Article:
In general, ultrasounds have numerous benefits in medical settings because they can be used to diagnose problems that do not appear on x-ray, and they are less expensive than some diagnostic imaging tests. With portable ultrasounds, the ease of diagnosis and accessibility of diagnostic imaging makes this an ideal tool for many care settings.
Mobile Care Settings
Many clinical settings for the uninsured do not have a stand-alone facility. They may offer clinical services in large vans or work with agencies to set up the clinic in churches or community centers. Since medical personnel must render care in any number of environments, a portable ultrasound machine is a good addition to aid in diagnosing various conditions that may come through the door. Some common situations may include acute orthopedic injuries. Medical professionals trained in ultrasound technology can quickly make a diagnosis of soft tissue injuries and determine if a referral to an orthopedic specialist is necessary. In some cases, a preliminary diagnosis with ultrasound can be used to determine if more expensive diagnostic testing is necessary, such as an MRI.
Although many clinical settings are designed for the uninsured, it does not mean these patients will not incur out-of-pocket costs when referred to specialists or for further imaging tests. With more information about the patient's condition, medical personnel can make an informed decision whether a referral or further testing is worth the additional financial burden for the patient.
Mission trips to render care in other countries may have similarities to mobile care settings, such as the need for portable equipment. In these situations, making an accurate diagnosis on the spot and rendering care is even more important since access to medical care is often limited to a few days or one week and rendered by volunteers. Bringing a portable ultrasound machine can be useful in diagnosing chronic conditions, such as heart problems, and can give some expectant mothers their only opportunity to view their unborn child.
When considering obstetrics, ultrasound may be invaluable to anticipate problems with labor that may go unnoticed until the time of delivery, such as the baby being in a breech position. For remote locations where hospitals are a long distance away, volunteers might make the decision to escort an expectant mother or another person with a significant health condition to a hospital before problems escalate.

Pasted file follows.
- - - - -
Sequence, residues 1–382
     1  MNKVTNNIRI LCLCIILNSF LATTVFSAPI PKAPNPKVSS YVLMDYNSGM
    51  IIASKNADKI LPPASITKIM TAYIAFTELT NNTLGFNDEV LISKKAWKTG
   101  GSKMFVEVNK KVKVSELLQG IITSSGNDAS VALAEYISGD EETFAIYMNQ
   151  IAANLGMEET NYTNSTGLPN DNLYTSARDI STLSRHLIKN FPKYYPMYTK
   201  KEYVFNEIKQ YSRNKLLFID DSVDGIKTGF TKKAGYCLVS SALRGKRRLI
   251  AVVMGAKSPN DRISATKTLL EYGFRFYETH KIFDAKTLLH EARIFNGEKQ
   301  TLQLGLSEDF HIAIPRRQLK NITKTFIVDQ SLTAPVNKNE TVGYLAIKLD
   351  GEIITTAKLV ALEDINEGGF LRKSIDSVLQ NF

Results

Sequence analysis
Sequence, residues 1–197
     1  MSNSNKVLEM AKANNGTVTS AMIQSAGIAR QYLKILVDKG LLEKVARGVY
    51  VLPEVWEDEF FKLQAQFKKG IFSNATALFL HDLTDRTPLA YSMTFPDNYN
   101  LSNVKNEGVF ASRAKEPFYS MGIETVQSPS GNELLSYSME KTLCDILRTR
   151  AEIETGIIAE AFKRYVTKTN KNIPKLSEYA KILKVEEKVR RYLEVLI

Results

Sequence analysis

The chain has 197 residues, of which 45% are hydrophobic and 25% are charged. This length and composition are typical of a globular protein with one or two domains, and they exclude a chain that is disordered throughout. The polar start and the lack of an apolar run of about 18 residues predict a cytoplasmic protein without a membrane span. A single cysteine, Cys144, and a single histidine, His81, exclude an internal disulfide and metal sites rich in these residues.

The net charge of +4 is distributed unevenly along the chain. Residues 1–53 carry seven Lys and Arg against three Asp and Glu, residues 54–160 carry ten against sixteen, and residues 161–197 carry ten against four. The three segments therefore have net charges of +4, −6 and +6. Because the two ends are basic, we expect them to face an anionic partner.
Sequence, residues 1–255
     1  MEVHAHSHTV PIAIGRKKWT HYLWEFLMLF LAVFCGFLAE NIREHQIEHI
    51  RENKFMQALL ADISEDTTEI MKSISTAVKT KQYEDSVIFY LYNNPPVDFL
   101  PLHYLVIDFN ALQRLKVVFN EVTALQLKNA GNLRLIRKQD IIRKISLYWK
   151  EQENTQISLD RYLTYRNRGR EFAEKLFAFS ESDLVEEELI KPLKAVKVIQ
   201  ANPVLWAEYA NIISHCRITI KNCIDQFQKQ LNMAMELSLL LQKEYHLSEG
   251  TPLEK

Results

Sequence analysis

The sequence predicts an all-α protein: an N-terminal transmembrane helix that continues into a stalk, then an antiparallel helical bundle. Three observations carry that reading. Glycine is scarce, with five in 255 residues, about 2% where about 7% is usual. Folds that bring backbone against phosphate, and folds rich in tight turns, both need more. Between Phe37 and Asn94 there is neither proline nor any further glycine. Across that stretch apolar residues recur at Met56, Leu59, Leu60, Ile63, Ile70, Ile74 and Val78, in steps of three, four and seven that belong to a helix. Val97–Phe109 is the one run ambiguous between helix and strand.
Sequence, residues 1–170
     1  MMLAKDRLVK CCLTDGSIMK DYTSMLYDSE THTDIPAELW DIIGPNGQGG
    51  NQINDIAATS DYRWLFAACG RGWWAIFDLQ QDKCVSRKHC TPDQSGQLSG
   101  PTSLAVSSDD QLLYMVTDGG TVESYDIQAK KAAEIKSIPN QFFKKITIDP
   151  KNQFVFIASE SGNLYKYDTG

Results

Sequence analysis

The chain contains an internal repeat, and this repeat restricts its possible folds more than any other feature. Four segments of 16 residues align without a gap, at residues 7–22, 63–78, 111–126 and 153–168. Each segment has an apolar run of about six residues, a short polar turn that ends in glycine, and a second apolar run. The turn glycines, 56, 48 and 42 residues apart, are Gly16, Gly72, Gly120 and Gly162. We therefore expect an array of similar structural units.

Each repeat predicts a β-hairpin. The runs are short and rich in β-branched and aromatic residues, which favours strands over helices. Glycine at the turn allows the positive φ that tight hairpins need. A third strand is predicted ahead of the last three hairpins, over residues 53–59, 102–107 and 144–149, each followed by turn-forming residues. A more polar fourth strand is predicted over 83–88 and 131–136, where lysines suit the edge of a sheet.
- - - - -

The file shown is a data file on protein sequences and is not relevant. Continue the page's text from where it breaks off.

Some elements of emergency care and stabilization are necessary before a patient ever reaches the emergency room. For example, ambulances and medical flights need to stabilize patients before and during transport in addition to giving emergency room personnel details about the patient to help them prepare for their arrival. Portable ultrasound machines can be useful to aid in identifying significant injuries before the patient arrives at the emergency room.
One such injury is bleeding in the thoracic, abdominal, and/or pelvic cavities that may occur without obvious external injuries. Identifying free fluid or blood within these cavities may be consistent with liver laceration or rupture of major blood vessels. Identifying these problems quickly can minimize the amount of time patients are in the emergency room before being sent up to radiology for further testing or to the operating room for repairs.
Ultrasound may also be useful when transporting patients to another care facility, such as a specialized trauma or burn center. In such cases, a patient is initially stabilized by the current medical facility, but they will need continuous monitoring while in-route, typically via medical flight. Nurses or doctors who are part of the flight crew can have easy access to monitoring the patient for new signs of bleeding or failure of initial repairs, if this is a current concern.
If your medical care facility does not have a portable ultrasound machine or only has limited access to one, you may consider investing in additional machines due to their widespread use. Increasing access to ultrasound in mobile care environments or remote locations can improve quality of care and ease of diagnosis.